One day writing in my scribbler as he was making notes on the chalkboard whispers and snickers spread among the classroom. Students began to notice he had large white chalk smears on his nose, cheek and in his slick, black Brylcreemed hair. Suddenly with a booming, “WHAT’S SO FUNNY,” he whirled around and livid black eyes were staring directly into mine. Indeed he had white streaks on his nose, his cheek and in his hair. His clown-like appearance created a knee-jerk reaction and regrettably, I giggled. Others were also trying to suppress laughter. “You think life is funny, Arlene,” he roared. “I’ll show you something funny. Get up and get into the corner.”
My parents and adult relatives were soft spoken and kind. Rage was unfamiliar to me. The classroom was deafeningly silent as I walked on shaky skinny legs to the corner where, with livid hand, this teacher was pointing. “Get down on your knees,” he yelled, “and put your arm and hands in the air!” Angrily he placed heavy books on my up-raised hands ordering me not to drop them, to stay like that till I learned respect in his class.
It seemed infinity. With aching arms I can still feel the humiliation and tears that trickled down my face; tears I could not even wipe away. With his abusive, destructive anger, that person would not meet the criteria to teach today. He sought respect and short-changed himself misinterpreting fear for respect and admiration. I do not remember what I wrote in my notebooks during his classes but even today, with aching clarity I remember how demeaned and humiliated he made me feel.

Fast forward four decades. I am in a crowded department store. Carefully I placed a large fragile beautiful ornament inside a towel to protect it in my shopping cart. Later, forgetting it was there, I reached in and rearranged items forgetting the towel housed that delicate item. It fell to the floor with that unmistakable dreadful sound of shattering glass. Heads turned, eyes stared. This never happened to me before and it’s not a pleasant experience. Suddenly a nearby customer flashed me a reassuring soothing smile, then, her voice edged with laughter, yelled, “CLEAN UP IN AISLE FOUR!” She came and stood beside me and reassuringly told me it was no big deal. A clerk arrived and this saintly person explained, “We had an accident here.” “WE.” It was one of the nicest things anyone has ever done for me and a stranger yet. That afternoon I learnt a poignant lesson from her, one that I try to emulate.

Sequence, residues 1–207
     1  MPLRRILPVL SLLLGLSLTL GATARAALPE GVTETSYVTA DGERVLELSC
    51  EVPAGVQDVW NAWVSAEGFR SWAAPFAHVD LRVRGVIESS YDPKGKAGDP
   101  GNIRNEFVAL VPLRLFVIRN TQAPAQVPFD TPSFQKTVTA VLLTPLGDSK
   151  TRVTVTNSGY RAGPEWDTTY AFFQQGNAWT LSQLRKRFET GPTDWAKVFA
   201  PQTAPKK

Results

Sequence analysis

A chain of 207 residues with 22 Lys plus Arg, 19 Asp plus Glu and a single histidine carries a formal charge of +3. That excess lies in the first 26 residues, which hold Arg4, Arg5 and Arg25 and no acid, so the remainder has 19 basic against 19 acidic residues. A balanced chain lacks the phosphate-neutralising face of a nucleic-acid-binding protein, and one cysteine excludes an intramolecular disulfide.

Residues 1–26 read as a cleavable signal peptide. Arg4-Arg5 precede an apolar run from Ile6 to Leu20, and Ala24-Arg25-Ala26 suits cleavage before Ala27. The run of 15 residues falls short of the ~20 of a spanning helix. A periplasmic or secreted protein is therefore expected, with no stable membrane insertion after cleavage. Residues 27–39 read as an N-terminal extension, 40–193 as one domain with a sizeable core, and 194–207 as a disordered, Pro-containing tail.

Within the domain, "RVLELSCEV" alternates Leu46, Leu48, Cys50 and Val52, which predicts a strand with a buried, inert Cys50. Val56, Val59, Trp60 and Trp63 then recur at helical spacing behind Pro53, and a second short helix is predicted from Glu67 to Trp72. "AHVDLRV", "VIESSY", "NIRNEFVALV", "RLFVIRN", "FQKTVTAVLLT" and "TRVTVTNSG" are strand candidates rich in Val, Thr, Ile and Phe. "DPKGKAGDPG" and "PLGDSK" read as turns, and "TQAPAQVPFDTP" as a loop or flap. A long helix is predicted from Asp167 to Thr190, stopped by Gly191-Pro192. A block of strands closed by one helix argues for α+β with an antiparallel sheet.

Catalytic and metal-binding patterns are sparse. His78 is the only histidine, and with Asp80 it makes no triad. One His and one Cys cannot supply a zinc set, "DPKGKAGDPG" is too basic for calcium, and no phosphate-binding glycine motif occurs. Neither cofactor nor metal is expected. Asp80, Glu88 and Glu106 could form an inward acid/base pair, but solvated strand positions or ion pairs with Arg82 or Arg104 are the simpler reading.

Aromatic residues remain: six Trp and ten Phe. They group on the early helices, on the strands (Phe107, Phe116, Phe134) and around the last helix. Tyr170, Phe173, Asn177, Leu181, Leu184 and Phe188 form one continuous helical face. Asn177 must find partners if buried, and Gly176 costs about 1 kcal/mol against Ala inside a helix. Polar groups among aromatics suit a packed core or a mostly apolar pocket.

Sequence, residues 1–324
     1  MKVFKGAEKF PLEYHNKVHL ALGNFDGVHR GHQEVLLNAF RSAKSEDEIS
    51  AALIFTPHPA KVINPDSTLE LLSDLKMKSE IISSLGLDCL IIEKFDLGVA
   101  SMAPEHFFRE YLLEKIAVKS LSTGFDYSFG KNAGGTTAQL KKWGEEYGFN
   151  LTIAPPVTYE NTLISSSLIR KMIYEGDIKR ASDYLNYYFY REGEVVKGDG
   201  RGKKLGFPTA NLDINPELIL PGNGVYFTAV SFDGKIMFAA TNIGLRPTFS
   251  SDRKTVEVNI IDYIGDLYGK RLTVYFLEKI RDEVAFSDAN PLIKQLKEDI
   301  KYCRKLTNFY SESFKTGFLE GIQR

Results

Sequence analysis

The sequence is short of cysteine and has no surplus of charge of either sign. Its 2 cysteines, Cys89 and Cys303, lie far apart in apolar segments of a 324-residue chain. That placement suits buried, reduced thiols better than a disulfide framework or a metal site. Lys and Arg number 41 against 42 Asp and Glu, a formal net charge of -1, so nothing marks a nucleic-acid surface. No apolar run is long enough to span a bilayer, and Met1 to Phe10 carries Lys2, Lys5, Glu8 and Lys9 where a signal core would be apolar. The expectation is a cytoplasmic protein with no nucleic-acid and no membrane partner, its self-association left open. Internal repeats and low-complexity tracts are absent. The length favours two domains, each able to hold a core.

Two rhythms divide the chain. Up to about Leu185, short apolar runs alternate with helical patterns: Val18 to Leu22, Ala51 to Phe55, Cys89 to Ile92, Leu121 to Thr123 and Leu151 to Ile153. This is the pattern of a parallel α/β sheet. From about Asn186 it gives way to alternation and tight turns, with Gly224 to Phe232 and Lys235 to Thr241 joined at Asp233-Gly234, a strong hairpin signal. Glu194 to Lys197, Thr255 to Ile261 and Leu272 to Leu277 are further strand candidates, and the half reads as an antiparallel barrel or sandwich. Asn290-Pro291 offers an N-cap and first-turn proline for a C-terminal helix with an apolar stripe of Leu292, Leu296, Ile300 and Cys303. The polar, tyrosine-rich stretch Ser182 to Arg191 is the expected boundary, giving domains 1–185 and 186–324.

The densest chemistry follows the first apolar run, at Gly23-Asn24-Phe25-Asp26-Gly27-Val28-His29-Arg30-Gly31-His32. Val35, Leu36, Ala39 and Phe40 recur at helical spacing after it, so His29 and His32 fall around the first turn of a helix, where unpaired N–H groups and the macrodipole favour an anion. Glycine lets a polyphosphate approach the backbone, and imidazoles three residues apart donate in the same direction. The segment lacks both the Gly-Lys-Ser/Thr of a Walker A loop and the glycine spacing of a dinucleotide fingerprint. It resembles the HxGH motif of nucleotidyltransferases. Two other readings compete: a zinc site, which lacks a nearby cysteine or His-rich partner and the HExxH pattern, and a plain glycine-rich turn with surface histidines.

Broken glass, misspoken words, misdirected rage, spilled milk (or eggs) – life is a composite of negative mishaps, bad indignant behaviour, demeaning ridicule and responses. Regrettably, I have realized that resentment and reprisal comes easier than acceptance and forgiveness. Also, everyone has something to offer a fellow traveler because we are all on pretty much the same journey. There are times when we momentarily intersect and touch one other. Often, sadly, there are no second chances, no return trips. For the stranger, the angel who came to my rescue and stood beside me near a pile of splintered glass, this is me applauding. She didn’t have to but she chose laughter and compassion and stayed beside me. And father – he laughed as I cleaned the egg from his shoes.

Life plays out in the silent ticking of each minute and it offers no rehearsals, no do-overs. Kindness is so very uncompliCATed. When my curtain drops I truly hope it falls among the accolades and echoes of kindness.
Even when it is bittersweet, I have learned that forgiveness and joy make a beautiful duet.